The U.N. General Assembly is today expected to elect by acclamation the foreign minister of Uganda as president of its 69th session.
Sam Kutesa has been Uganda’s foreign minister on and off since 2005, under president Yoweri Museveni. He most recently garnered international attention for defending the Ugandan government’s harsh anti-homosexuality law that the president signed in February.
In the past, Kutesa has survived political censure by the Ugandan parliament following a corruption scandal, though no formal charges were brought against him.
However, questions have been raised about a company he once chaired and is believed to still own shares in, Entebbe Handling Services, or ENHAS, which has contracts with at least one U.N. peacekeeping mission in Africa.
A U.N. spokesperson said the organization is trying to ascertain its current relationship with ENHAS, and whether it presents a conflict of interest.
According to the U.N.’s procurement website, the company has been a registered vendor with it since June 2006.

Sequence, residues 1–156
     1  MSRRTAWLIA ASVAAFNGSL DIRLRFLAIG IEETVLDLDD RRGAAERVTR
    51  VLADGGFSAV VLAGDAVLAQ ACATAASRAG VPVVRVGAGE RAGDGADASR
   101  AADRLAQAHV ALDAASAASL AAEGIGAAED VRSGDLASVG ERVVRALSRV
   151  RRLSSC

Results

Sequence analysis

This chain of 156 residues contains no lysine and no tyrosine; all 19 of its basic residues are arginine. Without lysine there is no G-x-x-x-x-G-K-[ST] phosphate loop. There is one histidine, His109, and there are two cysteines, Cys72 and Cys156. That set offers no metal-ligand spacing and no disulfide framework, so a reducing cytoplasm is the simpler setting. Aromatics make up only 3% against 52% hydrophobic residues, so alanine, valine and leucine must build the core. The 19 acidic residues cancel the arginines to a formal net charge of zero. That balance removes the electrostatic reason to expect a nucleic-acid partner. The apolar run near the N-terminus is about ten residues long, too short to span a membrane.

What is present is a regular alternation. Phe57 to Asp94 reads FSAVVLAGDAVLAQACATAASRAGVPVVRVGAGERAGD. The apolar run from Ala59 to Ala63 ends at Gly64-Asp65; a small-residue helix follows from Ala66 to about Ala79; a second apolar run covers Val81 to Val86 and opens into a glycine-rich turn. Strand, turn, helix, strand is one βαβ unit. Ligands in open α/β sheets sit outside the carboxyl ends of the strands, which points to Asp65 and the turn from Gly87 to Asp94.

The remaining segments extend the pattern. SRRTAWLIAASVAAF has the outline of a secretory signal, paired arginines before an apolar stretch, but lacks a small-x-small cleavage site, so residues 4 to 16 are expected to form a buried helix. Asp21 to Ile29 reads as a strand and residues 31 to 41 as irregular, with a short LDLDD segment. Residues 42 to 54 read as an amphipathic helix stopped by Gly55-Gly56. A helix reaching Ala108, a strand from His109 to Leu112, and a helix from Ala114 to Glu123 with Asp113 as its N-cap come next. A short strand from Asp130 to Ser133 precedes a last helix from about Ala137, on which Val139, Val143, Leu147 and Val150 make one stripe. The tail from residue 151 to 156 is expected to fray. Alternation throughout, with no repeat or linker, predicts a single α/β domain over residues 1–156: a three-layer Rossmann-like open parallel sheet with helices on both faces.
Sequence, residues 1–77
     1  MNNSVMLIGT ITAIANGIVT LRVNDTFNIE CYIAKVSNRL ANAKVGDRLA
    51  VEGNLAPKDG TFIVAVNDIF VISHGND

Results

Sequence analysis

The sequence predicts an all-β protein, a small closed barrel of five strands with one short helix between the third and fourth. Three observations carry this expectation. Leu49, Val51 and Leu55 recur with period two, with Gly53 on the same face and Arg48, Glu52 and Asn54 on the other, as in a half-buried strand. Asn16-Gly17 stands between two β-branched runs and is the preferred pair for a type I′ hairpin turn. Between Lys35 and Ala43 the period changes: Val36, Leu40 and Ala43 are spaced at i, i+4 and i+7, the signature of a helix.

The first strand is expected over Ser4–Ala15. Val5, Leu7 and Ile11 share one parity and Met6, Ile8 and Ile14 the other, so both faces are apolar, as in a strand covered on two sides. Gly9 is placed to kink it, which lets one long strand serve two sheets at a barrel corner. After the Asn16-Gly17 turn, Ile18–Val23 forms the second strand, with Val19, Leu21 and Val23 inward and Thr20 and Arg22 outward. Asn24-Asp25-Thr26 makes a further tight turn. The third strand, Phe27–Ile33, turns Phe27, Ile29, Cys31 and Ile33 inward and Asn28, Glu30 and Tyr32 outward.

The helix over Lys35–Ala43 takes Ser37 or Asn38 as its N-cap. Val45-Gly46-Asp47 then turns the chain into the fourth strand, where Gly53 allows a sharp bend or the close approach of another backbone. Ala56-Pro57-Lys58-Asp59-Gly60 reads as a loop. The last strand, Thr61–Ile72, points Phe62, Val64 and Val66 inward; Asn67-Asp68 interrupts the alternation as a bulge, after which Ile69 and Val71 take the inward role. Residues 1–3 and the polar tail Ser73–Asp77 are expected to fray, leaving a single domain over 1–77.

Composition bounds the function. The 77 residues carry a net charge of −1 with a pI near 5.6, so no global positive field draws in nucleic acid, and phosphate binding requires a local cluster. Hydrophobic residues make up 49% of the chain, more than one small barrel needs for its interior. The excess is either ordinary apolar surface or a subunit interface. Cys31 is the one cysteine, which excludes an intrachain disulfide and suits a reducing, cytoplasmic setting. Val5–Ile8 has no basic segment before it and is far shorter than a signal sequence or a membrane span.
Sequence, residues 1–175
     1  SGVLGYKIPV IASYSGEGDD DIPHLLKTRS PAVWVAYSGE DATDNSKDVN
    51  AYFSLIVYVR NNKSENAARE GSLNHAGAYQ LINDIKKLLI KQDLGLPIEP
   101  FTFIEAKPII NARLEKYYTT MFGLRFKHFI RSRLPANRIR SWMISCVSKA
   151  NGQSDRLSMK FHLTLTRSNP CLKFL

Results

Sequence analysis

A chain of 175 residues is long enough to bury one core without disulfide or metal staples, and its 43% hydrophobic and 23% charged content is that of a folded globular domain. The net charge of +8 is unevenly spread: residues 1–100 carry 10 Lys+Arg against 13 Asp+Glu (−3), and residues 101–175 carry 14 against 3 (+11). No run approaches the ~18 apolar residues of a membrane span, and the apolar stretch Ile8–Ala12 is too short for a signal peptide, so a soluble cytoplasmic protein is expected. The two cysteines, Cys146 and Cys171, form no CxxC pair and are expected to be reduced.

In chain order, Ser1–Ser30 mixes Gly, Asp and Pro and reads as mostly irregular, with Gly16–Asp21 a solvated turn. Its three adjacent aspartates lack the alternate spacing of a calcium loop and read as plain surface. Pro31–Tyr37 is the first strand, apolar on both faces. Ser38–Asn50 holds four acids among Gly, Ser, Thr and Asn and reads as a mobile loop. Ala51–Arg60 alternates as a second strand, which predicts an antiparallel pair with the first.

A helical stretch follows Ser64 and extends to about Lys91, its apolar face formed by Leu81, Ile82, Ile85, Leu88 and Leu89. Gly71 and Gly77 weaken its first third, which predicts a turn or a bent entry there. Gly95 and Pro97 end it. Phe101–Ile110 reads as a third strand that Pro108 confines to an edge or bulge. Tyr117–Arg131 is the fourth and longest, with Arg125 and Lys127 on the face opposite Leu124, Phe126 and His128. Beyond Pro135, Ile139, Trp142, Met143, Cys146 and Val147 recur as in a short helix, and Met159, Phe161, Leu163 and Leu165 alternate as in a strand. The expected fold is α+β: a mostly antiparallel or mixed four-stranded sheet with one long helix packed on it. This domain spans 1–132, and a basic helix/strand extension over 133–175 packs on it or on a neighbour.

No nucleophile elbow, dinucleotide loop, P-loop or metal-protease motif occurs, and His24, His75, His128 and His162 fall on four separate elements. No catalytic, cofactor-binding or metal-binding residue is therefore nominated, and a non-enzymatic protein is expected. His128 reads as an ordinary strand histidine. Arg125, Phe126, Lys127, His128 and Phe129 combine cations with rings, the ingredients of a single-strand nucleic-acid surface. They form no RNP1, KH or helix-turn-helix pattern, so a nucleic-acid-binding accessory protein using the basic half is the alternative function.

Kutesa would not be the first controversial candidate to lead the General Assembly. During his assembly presidency, in January 2013, former Serbian foreign minister Vuk Jeremic outraged Bosnian groups and some member states after he had a song played during a U.N. event that was associated with massacres during the Balkan wars.
In 2008, Father Miguel D’Escoto Brockmann, a Catholic priest and former foreign minister under Nicaragua’s left-wing Sandinista government, headed the body and attracted criticism for some of his statements, particularly about the U.S. and Israel.
Barring that unlikely outcome, Kutesa will be proclaimed president of the 69th session of the General Assembly on Wednesday and take up his duties in September.
Adapted From VOA